When people feel beautiful, they're more attractive because the single most important component to being attractive is confidence. People come into my office asking for confidence, not asking to be more beautiful. Understanding those motivations for what they're attempting to achieve helps me to satisfy my patients—that is the goal, and I believe what leads to success in esthetic medicine.
Once I made that recognition that my field and my craft and my task is to make people feel better about themselves, by improving mind and mood and not form and function, then my practice exploded.
"People come into my office asking for confidence, not asking to be more beautiful. Understanding those motivations for what they're attempting to achieve helps me to satisfy my patients."
SI: You helped to form True U, teach at DePaul, founded the Enhance Foundation and give lectures frequently. What drives your interest in educating the next generation of cosmetic surgeons and other professionals?
SD: I have a passion for education. I have been teaching since I was young and [I still teach at all levels]. I love asking someone to look at something from a different perspective. Influencing the way someone thinks, to ask questions, to reevaluate a position from a different perspective, or look at it through a different prism, to me, I think it's fascinating.
We don't do enough of that: We don't ask people to think. We ask them to repeat, but we don't ask them to think. I love asking people to think and teaching them how to think. And I get to do that at all different levels. Teaching an esthetician to think is very different than teaching a resident, and very different that teaching an undergraduate student. And we also go into the inner city schools and teach high school kids.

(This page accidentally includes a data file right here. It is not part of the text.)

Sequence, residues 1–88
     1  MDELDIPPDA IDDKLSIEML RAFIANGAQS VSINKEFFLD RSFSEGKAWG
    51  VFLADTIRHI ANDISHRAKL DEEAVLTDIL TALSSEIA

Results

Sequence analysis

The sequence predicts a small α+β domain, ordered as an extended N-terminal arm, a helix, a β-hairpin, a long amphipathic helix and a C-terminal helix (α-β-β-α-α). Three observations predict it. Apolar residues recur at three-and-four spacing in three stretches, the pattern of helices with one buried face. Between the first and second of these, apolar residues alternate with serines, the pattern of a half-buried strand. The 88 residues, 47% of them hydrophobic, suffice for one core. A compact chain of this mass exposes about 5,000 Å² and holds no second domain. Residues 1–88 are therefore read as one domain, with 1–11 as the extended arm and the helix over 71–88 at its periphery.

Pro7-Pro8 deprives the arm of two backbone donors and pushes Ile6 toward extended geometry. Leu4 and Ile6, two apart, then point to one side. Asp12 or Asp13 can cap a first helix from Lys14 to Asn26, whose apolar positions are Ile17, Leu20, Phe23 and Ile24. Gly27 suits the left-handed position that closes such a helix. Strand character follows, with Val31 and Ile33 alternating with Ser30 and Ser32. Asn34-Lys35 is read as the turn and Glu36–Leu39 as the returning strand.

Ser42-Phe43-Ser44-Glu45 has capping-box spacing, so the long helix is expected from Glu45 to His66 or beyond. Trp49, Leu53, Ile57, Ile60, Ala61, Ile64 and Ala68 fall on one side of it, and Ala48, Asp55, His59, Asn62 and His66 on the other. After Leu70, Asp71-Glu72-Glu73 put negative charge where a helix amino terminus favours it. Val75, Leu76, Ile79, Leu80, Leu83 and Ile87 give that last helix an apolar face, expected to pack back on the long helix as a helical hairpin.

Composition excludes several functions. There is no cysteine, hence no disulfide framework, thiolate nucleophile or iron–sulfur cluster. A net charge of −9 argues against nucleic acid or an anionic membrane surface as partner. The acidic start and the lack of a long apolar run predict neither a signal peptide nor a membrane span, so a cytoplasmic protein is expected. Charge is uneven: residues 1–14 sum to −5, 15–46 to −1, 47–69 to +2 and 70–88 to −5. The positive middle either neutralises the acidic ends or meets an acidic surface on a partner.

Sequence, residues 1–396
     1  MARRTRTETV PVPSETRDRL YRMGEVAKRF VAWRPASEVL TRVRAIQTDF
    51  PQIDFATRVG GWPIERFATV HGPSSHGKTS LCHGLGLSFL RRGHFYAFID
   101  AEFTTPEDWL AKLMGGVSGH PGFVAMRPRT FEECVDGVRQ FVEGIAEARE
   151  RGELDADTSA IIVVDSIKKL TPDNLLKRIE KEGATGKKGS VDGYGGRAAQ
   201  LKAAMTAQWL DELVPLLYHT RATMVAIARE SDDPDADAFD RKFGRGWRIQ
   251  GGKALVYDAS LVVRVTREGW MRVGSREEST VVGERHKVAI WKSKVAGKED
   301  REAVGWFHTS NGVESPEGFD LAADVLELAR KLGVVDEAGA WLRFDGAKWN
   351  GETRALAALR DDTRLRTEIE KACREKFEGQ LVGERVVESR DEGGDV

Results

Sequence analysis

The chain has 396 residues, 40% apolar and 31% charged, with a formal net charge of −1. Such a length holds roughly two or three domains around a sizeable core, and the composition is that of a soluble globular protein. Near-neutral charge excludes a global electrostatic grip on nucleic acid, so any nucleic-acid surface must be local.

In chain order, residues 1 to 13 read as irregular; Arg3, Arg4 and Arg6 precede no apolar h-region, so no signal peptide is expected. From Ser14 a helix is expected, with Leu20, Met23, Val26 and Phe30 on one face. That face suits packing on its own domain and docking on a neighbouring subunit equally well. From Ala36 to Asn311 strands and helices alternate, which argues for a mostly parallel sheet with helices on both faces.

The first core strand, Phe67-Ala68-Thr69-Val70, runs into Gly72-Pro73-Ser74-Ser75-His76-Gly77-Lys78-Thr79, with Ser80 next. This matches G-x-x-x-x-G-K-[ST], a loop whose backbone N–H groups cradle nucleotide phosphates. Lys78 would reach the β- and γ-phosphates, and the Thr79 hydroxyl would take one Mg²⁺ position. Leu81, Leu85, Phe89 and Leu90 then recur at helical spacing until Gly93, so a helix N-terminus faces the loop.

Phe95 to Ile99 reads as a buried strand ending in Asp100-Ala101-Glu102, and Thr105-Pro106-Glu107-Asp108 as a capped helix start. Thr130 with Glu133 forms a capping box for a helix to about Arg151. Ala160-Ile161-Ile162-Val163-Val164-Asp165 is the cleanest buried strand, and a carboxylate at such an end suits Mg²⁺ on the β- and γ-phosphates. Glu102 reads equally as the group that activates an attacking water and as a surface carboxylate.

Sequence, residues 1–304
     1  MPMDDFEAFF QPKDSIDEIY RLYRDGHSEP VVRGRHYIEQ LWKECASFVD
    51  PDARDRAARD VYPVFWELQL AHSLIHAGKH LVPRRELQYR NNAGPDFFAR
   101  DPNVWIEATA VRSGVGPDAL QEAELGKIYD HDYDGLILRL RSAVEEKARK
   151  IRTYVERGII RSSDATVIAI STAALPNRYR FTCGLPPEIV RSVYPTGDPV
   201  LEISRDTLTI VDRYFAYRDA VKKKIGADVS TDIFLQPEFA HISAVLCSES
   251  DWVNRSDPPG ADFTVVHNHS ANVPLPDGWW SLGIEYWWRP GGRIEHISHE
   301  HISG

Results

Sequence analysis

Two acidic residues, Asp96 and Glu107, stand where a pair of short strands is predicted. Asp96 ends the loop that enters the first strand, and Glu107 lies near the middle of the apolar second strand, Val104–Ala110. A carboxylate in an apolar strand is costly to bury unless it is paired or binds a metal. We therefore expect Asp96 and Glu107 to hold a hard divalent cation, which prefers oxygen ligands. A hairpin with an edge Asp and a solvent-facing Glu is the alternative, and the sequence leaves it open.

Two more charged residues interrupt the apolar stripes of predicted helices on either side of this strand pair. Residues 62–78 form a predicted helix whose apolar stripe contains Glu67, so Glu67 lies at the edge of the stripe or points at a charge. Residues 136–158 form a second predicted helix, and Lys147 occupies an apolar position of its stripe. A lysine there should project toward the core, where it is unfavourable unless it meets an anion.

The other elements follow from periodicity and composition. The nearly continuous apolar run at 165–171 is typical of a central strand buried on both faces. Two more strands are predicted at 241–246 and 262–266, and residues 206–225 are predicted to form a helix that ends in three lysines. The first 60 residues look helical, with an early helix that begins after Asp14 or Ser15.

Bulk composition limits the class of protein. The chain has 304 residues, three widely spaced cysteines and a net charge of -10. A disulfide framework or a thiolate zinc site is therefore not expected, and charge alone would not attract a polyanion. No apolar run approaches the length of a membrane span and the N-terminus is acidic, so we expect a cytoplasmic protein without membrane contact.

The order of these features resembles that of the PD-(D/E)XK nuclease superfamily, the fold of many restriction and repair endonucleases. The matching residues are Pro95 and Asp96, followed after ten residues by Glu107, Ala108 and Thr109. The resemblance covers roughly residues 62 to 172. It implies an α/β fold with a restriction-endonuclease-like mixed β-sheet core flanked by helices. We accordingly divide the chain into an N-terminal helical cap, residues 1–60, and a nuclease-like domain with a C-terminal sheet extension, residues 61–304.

SI: Who do you hope to reach most through your work as an educator? Is there one education venture in the field that you are particularly involved in or proud of?
SD: Anyone who's interested. Anyone who's willing to listen. Unfortunately, we don't have much of that today; everyone seems to know what the answer to everything is without ever asking a question or listening. But for those who are interested, who give me the privileged to teach, I'm happy to.
You know, they're kind of my children. I love them all the same; it's hard for me to say which ones I love more for all different reasons. I'm very excited about what we do at True U, because True U is something that didn't really exist before: Taking estheticians and professionalizing them.
Many of these estheticians who come to me are really interested in learning more, and for many years there was no place for them to turn … It's now been 10 years and True U has grown to be something that's very formidable.
"Many of these estheticians who come to me are really interested in learning more, and for many years there was no place for them to turn."
SI: As a physician, how do your education pursuits affect your practice and patients?
SD: I think that whenever you have to teach something, you become an expert at it. So every time [you] have to sit down and create a lesson plan, and come up with a thought that [you] want to get across, you have to really think through it in your head. And I strongly encourage everyone to teach. At one time, I used to make it a requirement for all my employees to teach. I didn't care what they taught, whether it was Sunday school, nursery school or college. I think it's an advantage for everyone to teach.
SI: What opportunities in the field have you had with your work as an artist or educator that you would not have otherwise?
SD: I have the opportunity to teach minds around the world. I've been very fortunate in that I have been a keynote speaker on six continents—I haven't been invited to Antarctica yet … Every month I'm in a different country speaking, and it's really, really, nice, and I appreciate very much the opportunity and the privilege to share my ideas with colleagues and others who are interested in esthetic philosophy around the world. I don’t know if I would have been able to do that as an artist.